[Pic via]

bluebeardOkay.  So, to start off: I’m so fucked.  Here I am on the last day of August (the day before my deadline) with still a ways to go.  Throughout this whole summer reading thing—for those of you just tuning in: I’m reading all the novels of Kurt Vonnegut—I’ve always said that my goal date to be finished is September 1st…tomorrow.  Shit.

So let’s get to the latest book for me to get under my belt: Bluebeard.  For me, this is the closest thing to a mystery that Vonnegut ever wrote.  As I explained in my post for Galapagos, Vonnegut’s habit of informing his audience on how the novel is going to end (generally in the first chapter) creates an irritating lack of suspense, particularly in the last fifty pages because…well, you know how it’s going to end!  Bluebeard seems to be Vonnegut’s response to such criticism.

Narrated by Rabo Karabekian, the abstract expressionist painter who made an appearance in Breakfast of Champions, the novel gets its title from the Bluebeard fairytale.  The legend tells of a king, or aristocrat, Bluebeard, who repeatedly keeps getting married even though all his wives eventually disappear.  When he does get married (for the umpteenth time), he tells his new bride that she is free to roam anywhere in the castle/mansion, except one specific room.  And of course, each time, the fact she can’t go into that single room piques the bride’s curiosity and drives her desire to see what’s in the there.  When she does manage to open the door and see what’s inside, the wife is shocked to find the room filled with the bodies of all the other wives (all of whom also broke the rule of not looking into the room and thus saw the bodies of their predecessors, as well).  Bluebeard then kills the latest wife/victim, adds her to his expanding collection of dead brides, and begins looking to get married again.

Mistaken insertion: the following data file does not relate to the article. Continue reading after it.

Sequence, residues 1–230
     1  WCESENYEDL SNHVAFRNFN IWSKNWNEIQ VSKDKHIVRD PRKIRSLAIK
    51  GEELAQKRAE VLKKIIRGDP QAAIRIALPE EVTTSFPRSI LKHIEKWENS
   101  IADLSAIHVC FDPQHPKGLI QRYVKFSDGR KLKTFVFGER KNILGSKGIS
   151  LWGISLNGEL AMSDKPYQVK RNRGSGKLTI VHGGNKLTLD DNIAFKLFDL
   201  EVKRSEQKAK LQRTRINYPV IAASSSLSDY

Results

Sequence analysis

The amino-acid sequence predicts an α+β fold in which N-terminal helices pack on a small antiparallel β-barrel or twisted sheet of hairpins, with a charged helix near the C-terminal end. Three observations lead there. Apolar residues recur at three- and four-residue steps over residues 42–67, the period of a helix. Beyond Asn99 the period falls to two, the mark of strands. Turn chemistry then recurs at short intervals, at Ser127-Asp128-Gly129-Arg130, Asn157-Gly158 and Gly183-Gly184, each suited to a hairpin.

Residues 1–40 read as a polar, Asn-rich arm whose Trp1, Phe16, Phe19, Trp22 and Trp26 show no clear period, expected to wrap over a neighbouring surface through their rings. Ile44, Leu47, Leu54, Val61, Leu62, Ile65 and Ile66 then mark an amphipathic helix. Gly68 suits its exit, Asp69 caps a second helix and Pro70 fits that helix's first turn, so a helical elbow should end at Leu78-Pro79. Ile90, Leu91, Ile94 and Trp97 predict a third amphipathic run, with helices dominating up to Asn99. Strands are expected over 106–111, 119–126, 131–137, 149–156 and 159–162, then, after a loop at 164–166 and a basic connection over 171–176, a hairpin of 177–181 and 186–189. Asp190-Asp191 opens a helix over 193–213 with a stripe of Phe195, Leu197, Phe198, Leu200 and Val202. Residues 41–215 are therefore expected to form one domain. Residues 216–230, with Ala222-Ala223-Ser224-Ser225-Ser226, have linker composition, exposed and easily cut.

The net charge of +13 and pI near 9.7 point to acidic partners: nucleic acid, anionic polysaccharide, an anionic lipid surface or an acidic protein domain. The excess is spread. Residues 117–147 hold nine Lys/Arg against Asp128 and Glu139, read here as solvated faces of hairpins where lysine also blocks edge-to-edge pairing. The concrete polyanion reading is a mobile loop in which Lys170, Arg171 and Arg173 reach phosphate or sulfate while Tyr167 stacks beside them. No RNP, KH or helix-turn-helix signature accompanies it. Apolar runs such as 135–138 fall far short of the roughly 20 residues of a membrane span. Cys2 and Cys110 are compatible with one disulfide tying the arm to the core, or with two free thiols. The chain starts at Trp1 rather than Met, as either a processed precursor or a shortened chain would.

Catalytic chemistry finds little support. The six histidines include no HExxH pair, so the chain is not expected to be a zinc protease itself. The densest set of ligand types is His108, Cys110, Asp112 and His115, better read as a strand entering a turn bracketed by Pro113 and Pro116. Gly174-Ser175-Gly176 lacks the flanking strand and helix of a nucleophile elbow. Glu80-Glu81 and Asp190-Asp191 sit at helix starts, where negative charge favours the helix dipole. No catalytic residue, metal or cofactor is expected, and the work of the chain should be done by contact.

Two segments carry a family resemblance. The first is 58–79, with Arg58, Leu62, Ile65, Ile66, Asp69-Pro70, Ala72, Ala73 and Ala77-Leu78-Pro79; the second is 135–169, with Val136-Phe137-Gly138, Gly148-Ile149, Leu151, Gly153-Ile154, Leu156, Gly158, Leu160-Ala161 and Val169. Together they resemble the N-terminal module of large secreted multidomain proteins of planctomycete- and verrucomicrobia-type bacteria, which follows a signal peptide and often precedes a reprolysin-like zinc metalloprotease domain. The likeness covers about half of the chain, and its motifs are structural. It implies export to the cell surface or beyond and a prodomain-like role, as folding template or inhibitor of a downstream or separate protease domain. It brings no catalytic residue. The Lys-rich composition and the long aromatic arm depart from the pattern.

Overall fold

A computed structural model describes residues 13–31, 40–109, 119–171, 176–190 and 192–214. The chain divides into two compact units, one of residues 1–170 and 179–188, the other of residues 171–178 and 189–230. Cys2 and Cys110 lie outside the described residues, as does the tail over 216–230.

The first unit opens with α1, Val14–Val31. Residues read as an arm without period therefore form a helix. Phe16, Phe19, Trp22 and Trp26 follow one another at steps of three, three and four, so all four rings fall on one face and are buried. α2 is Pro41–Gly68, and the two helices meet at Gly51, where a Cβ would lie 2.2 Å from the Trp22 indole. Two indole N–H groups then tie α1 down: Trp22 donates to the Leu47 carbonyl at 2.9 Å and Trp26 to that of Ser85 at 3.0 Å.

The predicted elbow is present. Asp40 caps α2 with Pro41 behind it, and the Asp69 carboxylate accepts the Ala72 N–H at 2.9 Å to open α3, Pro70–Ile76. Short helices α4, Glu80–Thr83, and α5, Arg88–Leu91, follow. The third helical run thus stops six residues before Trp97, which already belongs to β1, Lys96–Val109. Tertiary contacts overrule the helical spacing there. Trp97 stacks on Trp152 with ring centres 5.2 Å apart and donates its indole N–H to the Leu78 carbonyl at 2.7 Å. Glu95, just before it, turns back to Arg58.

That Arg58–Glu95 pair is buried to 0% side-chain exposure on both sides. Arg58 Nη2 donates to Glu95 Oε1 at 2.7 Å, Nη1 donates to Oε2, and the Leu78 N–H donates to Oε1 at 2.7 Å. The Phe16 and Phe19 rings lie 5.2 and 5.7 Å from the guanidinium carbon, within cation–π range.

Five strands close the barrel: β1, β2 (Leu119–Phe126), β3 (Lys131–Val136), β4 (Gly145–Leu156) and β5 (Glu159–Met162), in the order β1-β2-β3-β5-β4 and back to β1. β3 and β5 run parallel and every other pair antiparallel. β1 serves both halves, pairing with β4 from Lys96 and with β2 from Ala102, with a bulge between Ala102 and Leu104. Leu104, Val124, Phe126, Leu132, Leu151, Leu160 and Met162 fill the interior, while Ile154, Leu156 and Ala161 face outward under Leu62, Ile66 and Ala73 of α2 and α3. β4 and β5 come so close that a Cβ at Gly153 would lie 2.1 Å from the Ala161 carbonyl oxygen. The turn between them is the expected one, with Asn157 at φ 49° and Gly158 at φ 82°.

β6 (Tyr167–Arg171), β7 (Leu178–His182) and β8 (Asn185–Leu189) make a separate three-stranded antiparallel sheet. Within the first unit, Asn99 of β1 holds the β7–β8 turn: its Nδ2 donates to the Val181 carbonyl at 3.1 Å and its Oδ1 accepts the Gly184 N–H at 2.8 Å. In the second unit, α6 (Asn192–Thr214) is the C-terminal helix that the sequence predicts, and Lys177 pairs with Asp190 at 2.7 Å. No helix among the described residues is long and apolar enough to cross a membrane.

This legend mirrors the mystery of the book: Karabekian’s locked potato barn and former studio, which he has ordered no one to enter.  The novel, which Karabekian writes as his autobiography, explains his origin as the child of survivors from the Turkish Armenian genocide with an apprenticeship to the most famous classically trained artist in the U.S. to his service/capture by the Germans in World War II and eventual member of the abstract expressionist movement in 1950’s and 1960’s, joining the likes of Pollack and Rothko.  The narrative cuts between Karabekian’s life story and his present life in his Hampton mansion filled with the largest modern abstract art collection in the world, where a Baltimore widow/writer/uninvited house guest, Circe Berman, challenges his beliefs on art and everything else in his life.

For what it’s worth, this is one of my favorite Vonnegut novels and also the best of the titles that I’d never heard of before this project.  It does a great job of exploring ideas and themes tied to artistic creativity and even the communities that it creates.  While the “mystery” isn’t the biggest payoff when you finally see what’s locked in the barn, it does a good job of keeping the tension and thus setting the pace for the reader.

So here I am coming up on the last day and two books left to go.  Thankfully, I’m on vacation.  I think I’m going to make it.

UPDATE: I just finished Slapstick a little before 1 AM.  So all I have to do is finish reading Timequake by the end of the day.  I’ll post the reviews for both later.

UPDATE TO THE UPDATE: Just finished Timequake a little before 1:30 PM on September 1st.

[Pic via]

HocusPocus(Vonnegut)In case you didn’t know, I’m a huge nerd.  How big a nerd? Well, remember those summer reading lists from when you were a kid? I’ve assigned myself one and it’s a doozy.  I want to be able to say by the end of August that I’ve read all the novels of Kurt Vonnegut.  I subtracted the few that I’d read before and am crossing the rest off one by one.  I’ll post reviews as I go and you can track my overall progress here.

Alright, so here I am in the home stretch.  It’s now the last month of summer and I’m not afraid to admit that I’m a little behind.  After this entry, I have five novels left with three weeks to read them; daunting, but completely doable.  If worse comes to worst and it doesn’t look like I’m going to make my deadline of the first day in September, I’ll push it back to the day after Labor Day, which a friend recently pointed out to me is when summer is “officially” over.   Anyway, let ‘s get to this latest review, which is…